In what seems to be unprecedented, over 95% of the 64,000 third year BCom students of Mumbai University cleared the exams held this month amid the pandemic.
In the final year LLB exams, too, 96% have passed, with 50% bagging first class. In a course where top scores in a subject are usually in the 65-70 range, at least four students have scored 400/400 in theory papers. Close to 600 students scored 100 in one, two or three out of four papers.
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The passing percentage in TY BCom usually hovers in the 70% range, and in LLB it’s lower, but many expected inflated scores this time as the questions were in MCQ (multiple choice questions) format and students took the exams online from home.
Around 4,400 students took the final year LLB (semester VI) exam. The exam for the 2019-20 batch was held early this month, after a lot of vacillation and litigation over its conduct during the Covid-19 pandemic.
“These results cannot be compared with previous years as exams were never taken in this format. Also, in MCQ format, if the difficulty level is not very high, there is scope for scoring full marks. You get a zero or full marks for the question you attempt. If you attempt all questions correctly, you are bound to get the perfect score,” said an official.
A law student, who scored 100/100 in one subject, said the government’s stance may have been right in the beginning. “Since they were not equipped to hold exams in a pandemic, the average scores of students’ previous performances could have been more realistic. With unprecedented scores, UGC’s argument over not compromising the standard of education does not hold ground. These marks would anyway put a question mark on validity of work we have done in previous semesters too,” said the student.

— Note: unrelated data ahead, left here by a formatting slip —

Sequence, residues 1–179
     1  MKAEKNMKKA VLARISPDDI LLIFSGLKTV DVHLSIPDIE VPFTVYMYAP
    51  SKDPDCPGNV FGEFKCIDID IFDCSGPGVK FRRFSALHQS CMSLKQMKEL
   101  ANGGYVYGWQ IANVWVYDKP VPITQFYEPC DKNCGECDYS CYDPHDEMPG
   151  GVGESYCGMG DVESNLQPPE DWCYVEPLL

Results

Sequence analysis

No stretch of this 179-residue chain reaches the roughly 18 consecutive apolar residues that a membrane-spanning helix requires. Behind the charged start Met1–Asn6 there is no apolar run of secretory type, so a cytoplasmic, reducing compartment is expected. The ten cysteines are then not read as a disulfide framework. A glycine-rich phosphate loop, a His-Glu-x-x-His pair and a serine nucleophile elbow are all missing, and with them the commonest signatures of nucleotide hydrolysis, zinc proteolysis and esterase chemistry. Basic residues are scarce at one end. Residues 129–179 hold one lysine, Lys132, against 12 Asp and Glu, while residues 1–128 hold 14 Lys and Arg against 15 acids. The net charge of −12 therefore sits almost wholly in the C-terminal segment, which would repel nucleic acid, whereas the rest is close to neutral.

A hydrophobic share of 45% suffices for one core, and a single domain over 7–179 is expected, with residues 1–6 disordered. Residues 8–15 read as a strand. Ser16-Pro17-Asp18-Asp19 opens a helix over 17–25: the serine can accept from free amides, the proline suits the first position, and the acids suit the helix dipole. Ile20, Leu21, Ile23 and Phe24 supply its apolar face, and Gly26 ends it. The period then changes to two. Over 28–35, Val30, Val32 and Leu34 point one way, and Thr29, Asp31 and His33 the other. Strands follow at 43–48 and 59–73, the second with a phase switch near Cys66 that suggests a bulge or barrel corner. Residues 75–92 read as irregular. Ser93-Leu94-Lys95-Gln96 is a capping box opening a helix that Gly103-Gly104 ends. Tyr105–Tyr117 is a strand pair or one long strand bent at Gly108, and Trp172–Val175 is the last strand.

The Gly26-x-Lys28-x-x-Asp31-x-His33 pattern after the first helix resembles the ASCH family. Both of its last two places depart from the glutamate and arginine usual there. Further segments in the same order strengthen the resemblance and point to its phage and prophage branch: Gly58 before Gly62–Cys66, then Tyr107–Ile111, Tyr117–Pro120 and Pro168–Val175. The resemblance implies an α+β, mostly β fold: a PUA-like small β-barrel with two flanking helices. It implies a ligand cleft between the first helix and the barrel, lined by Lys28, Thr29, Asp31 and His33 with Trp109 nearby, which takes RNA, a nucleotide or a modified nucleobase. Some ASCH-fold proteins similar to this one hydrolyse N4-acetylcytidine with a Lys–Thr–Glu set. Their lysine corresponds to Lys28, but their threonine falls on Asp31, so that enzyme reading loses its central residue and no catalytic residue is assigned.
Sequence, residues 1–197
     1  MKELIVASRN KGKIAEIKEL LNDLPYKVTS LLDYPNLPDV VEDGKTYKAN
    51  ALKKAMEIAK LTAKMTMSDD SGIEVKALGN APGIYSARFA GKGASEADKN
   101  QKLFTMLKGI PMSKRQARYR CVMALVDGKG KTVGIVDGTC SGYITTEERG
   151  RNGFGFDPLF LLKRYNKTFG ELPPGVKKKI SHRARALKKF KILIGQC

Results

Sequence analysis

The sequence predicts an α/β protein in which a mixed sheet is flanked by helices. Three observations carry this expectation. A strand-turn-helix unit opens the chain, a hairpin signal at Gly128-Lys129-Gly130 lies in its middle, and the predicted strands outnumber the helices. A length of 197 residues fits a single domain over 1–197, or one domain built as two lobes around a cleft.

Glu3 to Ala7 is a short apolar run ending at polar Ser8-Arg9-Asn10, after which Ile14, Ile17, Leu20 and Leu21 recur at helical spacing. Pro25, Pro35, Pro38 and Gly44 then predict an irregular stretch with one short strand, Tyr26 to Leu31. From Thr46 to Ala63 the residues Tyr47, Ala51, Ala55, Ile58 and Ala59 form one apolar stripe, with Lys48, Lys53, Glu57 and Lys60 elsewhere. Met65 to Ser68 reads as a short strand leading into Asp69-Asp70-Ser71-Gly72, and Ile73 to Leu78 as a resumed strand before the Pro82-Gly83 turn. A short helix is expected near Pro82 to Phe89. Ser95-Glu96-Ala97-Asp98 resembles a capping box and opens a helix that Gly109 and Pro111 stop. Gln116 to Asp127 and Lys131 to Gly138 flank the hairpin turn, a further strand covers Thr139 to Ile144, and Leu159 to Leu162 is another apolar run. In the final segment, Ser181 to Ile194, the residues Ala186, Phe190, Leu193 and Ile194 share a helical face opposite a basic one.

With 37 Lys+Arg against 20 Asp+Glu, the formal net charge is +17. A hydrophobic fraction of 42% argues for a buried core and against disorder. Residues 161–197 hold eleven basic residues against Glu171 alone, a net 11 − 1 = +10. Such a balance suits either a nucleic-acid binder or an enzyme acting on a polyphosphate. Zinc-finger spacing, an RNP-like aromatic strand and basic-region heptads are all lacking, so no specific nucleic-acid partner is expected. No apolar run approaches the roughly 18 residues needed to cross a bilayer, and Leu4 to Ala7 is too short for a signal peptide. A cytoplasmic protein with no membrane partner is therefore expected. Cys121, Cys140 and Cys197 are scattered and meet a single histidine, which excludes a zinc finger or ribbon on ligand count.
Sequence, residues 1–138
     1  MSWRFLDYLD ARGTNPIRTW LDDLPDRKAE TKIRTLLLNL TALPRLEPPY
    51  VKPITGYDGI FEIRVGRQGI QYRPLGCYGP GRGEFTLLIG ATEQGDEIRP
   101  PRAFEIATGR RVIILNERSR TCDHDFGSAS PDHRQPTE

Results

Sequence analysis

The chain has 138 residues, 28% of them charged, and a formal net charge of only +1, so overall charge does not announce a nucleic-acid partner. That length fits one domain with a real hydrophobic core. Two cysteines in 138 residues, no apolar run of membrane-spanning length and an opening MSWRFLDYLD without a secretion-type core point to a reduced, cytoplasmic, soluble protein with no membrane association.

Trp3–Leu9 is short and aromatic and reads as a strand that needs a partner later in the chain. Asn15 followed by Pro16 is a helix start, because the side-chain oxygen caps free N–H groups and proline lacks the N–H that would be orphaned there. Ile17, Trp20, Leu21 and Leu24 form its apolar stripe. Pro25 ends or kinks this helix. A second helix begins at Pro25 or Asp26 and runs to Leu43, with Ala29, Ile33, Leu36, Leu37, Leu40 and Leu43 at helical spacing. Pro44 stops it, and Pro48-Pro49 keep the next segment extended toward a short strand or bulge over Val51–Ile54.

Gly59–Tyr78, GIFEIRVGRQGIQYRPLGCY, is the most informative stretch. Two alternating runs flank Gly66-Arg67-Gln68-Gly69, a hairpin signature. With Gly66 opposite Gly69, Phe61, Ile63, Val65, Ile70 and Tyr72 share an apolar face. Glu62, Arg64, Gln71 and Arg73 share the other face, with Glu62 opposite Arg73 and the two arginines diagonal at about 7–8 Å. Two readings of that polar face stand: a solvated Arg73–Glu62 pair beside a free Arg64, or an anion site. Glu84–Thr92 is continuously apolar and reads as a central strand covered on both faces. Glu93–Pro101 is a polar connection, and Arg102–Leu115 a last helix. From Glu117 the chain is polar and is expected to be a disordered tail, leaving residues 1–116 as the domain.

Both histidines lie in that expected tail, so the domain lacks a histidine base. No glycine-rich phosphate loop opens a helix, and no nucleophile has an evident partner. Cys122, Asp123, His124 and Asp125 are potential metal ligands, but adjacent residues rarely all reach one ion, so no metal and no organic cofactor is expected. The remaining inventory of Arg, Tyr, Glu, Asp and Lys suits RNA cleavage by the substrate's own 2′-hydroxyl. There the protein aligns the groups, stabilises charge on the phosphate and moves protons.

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The university started announcing results of final year exams for 2019-20 batch early this week. Results for TYBCom are the most awaited every year, as they have most students taking the exam. While the university announced results for TYBCom, LLB and BMM students on Thursday, results for other exams such as TYBA are expected in a day or two.
A principal said getting full marks in an objective-based exam was not difficult. “Colleges were told to keep simplified questions and not tricky ones. In the pandemic, everyone had to keep the exams student-friendly. In the given circumstances, MCQ format was probably the best option before the state. Also students were taking the exam from home, and online proctoring in many cases was not foolproof,” said the principal, adding that students had an hour to attempt 25 questions.
For students’ convenience, the university allowed them to get a copy of their statement of marks in PDF format on the university’s website. Vice-chancellor Suhas Pednekar said the university gave top priority to results of regular and backlog exams. Results of important exams are being made available in a short span on the university portal and efforts are being made to release other results on time too, he said.
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